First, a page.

Grape Juice: Are There Health Benefits?

Reviewed by Dany Paul Baby, MD on September 13, 2022

Grapes have been part of the human diet for centuries. They are easy to grow and are ideal for winemaking. The fruit may also be dried and preserved as raisins.

Grape juice is made from the whole grape, including the skin, flesh, and seeds. It contains most of the vitamins and minerals found in table grapes, plus the health benefits of the nutrient-rich seeds.

The most common type of grape juice is purple and is made using Concord grapes. You can also find white grape juice that is made from Niagara grapes. Both types of grapes are native to America.

Eating whole grapes is also a great choice. The fresh fruit provides fiber and additional vitamins.

Nutrition Information

A ½-cup serving of unsweetened grape juice contains:

  • Calories: 76
  • Protein: 0.5 gram
  • Fat: 0 grams
  • Carbohydrates: 19 grams
  • Fiber: 0 gram
  • Sugar: 18 grams

Grape juice provides:

Grape-flavored drinks may contain more added sugar and water than fruit juice, giving you lots of calories and little in the way of vitamins and minerals. Look for “100% juice” on the label to get all the health benefits of grape juice without added sugars. 

Potential Health Benefits of Grape Juice

Like the fruit it’s made from, grape juice is a fat-free and cholesterol-free source of vitamins and minerals. It's a low-sodium beverage, too.

Here are some benefits to drinking grape juice:

Reduced Risk of Disease

Grape juice contains high levels of antioxidants, which can help protect the body from free radicals. Free radicals are harmful substances, such as pollution or the chemicals in processed food. The damage they cause to cells can contribute to the development of heart disease, cancer, and other diseases. Antioxidants may help prevent or even reverse this damage.

Juices made from Concord or purple grapes may be better for disease risk reduction. Concord and purple grapes naturally have higher antioxidant activities than other varieties of the fruit.

Improved Heart Health

Early research shows that red and purple grape juices may promote cardiovascular health in some of the same ways as red wine. Similar benefits of red wine and grape juice include protecting blood vessels, decreasing the risk of blood clots, and maintaining healthy blood pressure and cholesterol levels.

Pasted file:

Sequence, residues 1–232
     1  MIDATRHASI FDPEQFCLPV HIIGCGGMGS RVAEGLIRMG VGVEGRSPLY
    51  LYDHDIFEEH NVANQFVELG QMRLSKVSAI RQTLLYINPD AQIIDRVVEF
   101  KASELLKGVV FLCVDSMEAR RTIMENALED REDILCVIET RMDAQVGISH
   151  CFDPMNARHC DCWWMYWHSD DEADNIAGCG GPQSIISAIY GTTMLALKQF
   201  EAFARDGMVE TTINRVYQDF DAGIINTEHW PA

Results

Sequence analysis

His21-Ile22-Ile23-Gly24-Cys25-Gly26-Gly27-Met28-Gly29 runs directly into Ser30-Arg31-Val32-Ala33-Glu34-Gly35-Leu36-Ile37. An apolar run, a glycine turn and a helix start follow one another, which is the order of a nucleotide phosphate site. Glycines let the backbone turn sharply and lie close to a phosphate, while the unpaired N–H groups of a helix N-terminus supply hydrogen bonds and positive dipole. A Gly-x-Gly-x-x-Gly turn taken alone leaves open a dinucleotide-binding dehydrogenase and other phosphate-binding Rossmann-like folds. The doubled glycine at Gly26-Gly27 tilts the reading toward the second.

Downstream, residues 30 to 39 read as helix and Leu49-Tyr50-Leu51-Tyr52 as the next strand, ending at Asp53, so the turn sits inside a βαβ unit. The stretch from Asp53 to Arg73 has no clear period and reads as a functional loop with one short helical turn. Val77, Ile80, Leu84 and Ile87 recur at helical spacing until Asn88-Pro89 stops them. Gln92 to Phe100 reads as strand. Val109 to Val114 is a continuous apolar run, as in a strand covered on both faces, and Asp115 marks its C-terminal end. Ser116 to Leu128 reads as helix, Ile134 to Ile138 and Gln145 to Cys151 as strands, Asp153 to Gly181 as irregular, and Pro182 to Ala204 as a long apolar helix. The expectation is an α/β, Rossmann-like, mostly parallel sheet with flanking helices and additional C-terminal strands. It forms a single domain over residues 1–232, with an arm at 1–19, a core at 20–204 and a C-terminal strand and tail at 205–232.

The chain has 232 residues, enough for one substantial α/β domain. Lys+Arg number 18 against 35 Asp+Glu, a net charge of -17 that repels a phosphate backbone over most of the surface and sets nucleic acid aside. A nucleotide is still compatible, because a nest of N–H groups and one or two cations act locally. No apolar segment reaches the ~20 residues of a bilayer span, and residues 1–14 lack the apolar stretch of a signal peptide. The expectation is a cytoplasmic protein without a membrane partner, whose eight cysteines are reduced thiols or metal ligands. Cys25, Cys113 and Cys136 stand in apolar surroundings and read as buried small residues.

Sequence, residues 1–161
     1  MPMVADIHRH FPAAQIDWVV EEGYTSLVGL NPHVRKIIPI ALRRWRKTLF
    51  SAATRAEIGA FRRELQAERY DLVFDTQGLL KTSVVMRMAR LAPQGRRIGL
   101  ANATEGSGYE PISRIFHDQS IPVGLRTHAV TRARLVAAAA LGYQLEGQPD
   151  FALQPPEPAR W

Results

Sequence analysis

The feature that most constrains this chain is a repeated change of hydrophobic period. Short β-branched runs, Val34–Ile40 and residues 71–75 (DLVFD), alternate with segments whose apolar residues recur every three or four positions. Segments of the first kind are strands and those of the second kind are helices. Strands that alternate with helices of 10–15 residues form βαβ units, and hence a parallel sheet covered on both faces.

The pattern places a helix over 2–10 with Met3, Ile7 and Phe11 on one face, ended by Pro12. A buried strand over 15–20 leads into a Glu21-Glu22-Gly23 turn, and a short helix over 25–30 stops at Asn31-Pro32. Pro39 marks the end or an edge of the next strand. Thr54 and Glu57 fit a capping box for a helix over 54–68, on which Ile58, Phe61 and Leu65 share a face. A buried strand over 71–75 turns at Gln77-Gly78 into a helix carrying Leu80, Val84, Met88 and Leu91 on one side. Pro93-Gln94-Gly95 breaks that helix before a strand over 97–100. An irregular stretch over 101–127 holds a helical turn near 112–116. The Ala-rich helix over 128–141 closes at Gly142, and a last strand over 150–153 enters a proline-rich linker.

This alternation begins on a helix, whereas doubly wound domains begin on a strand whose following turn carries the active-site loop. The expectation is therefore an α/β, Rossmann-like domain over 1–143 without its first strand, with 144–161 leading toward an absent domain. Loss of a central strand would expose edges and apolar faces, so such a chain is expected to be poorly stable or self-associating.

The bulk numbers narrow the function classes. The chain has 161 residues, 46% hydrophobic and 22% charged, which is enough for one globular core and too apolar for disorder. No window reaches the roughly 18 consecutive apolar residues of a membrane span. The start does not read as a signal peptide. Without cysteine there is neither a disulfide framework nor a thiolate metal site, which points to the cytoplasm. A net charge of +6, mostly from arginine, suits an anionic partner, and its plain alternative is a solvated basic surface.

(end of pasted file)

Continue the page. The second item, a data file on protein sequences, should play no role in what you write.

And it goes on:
Lower Blood Pressure

The potassium found in grape juice can benefit people with high blood pressure by helping the body get rid of excess sodium. Potassium can also lower blood pressure by relaxing the walls of your blood vessels.

Prevention of Urinary Tract Infections

You may have heard that cranberry juice can help fight the bacteria that cause urinary tract infections. Early studies show that black grape juice may work in the same way.

Potential Risks of Grape Juice

Grape juice offers many health benefits but is high in natural sugar and calories. Some people may need to be especially careful with the beverage and only drink it in moderation.

High Blood Sugar

Grape juice contains natural sugars, not the artificial sweeteners or refined sugar found in soda. However, one cup of grape juice contains 36 grams of sugar and almost no fiber, so it can cause your blood sugar to spike.

If you have diabetes or need to watch your blood sugar for any reason, ask your doctor whether you need to avoid or reduce your typical serving of fruit juice. Whole grapes may be a better option, as they contain fiber and may not be as likely to cause a rise in blood sugar.

Weight Gain

Grape juice can be a healthy alternative when trying to kick the soda habit. High-calorie drinks like fruit juice are easy to overdo, though, so consider portion size when pouring a glass. The Dietary Guidelines for Americans recommends limiting juice to a half-cup serving per day.

Show Sources


American Academy of Family Physicians: “Antioxidants: What You Need to Know.”

American Heart Association: “How Potassium Can Help Control High Blood Pressure.”

Antioxidants: A Comparison of Total Antioxidant Capacities of Concord, Purple, Red, and Green Grapes Using the CUPRAC Assay.”

Cleveland Clinic: “Can You Eat Fruit if You Have Diabetes?”

ESHA Research, Inc., Salem, Oregon: “Juice, grape, unsweetened, bottle.”

Harvard: “Healthy Beverage Guidelines.”

International Journal of Current Research and Review: “Does Black Grape Juice Inhibit Bacterial Adherence and Biofilm Production by Uropathogenic Escherichia Coli Just as Cranberry Juice?”

Keck Medicine: “5 Things Grapes Can Do for Your Overall Health.”

Mayo Clinic: “Does grape juice offer the same heart benefits as red wine?”

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